‘Dickinson’ Season 2 review: Hailee Steinfeld comedy-drama continues to be as funny as it is messy


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    The Apple TV+ series is an insightful, yet hilarious take on the coming-of-age story of the American poet, as she navigates through issues of recognition and fame

    The characters in season two of Dickinson explore fame, self-worth and purpose, while the writers figure out the balance between biography and fiction. The first season introduced us to Emily Dickinson (Hailee Steinfeld), the off-beat, non-adherent young poet, her family and life in Amherst, Massachusetts. The show gained popularity for its modern sensibility and wicked humour with contemporary music playing in the background, as the characters use everyday lingo to communicate with each other.

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    Much of this is evident in the second season in an even more intense and chaotic fashion, but we will not spoil that too much for you. Fans of the poet would find many of her poems and verses featured in the show, as part of the narration and dialogues, rightfully paying homage to Emily Dickinson. While some might argue that the portrayal of the historical figures are more fictional than factual, the show is definitely more entertaining for it.

    In the first season, Emily spends most of her time pursuing her passion for poetry when she is not professing her love for Sue Gilbert (Ella Hunt), Emily’s best friend who later becomes her sister-in-law. She is in awe of the world that exists outside the confines of her home where her father intends on keeping her. She yearns for knowledge and recognition, both of which her father disapproves of. The new season brings internal conflicts and doubts to Emily, and all the opportunity and hope she was once desperate for now seems under-whelming and confusing.

    A still from ‘Dickinson’ on Apple TV+

    A still from ‘Dickinson’ on Apple TV+

    Emily’s relationship with Sue is messy and turbulent, but rooted in their mutual love and understanding of each other. Sue Gilbert goes from being Emily’s best friend, secret lover and the sole admirer of her poems, to hostess of luxurious soirées who develops a taste for the lavish lifestyle. She, too, explores fame and recognition while facing constant pressure from her spouse over her duties as a wife. Lavinia’s (Anna Baryshnikov) plotline is by far the most entertaining. With Henry Shipley (Pico Alexander) on her tail constantly asking for her hand in marriage, Lavinia tries to wake the rebel inside of her.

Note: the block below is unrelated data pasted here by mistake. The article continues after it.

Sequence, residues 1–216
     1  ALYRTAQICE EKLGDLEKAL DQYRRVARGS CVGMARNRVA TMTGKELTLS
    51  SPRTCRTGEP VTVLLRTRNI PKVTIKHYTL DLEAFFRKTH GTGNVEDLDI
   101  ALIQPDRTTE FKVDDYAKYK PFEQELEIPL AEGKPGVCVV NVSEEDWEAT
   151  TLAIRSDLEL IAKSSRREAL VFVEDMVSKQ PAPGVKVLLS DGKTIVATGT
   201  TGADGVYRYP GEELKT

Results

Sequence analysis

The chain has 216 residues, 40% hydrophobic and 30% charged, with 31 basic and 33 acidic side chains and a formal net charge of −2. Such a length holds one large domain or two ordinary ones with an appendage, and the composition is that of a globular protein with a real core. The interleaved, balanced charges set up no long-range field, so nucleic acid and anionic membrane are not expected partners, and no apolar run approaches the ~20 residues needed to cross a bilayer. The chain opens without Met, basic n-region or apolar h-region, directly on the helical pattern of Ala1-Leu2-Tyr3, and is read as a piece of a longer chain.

Austin Dickinson (Adrian Enscoe) is now a partner in his father’s business and yearns to become a family man. After moving right next door to his childhood home, Austin tries hard to convince Sue to expand their family. He faces resistance from Sue which causes a riff between the pair. Austin also creates a cause for concern for his father who is worried that he might have overestimated his son’s dexterity as a businessman. Meanwhile, Henry and Emily Norcross (Jane Krakowski) too face marriage issues.

    In this modern re-telling of a queer poet’s story, where almost all the characters are white, Henry’s storyline gives the audience much to look forward to. Introduced as the Dickinson’s hired hand, Henry’s journey addresses racism in a way that is not only historically accurate but (sadly) relevant to the modern day. Adding to Emily’s bewilderment is Samuel Bowles, the editor of the Springfield Republican, who shows interest in Emily’s poetry and plays fast and loose with her.

    The show also brags of witty humour unrestricted by the characters’ relevance or importance to the scenes. Irish house help Maggie is quick with her hilarious remarks making her presence absolutely delightful. Dickinson also has its own version of the Mean Girls! Yes, they are a trio. And yes, they are clichéd, but also insanely entertaining.


    The first four episodes in the second season show great promise of being just as entertaining as the first instalment of the series, if not more. The quirky title sequences, upbeat music, and modern-day parlance ensure an extremely entertaining 30 minutes, leaving the audience wanting more.

    Dickinson is funny, insightful, and unabashedly wild, but also confusing at times. The sub-plots peak at intensity, only to end abruptly, leaving us wanting a closure. Yet, it manages to hold the viewers’ attention through the trials and tribulations of finding its tone.

    Season 2 of Dickinson is currently streaming on Apple TV+ with new episodes every Friday

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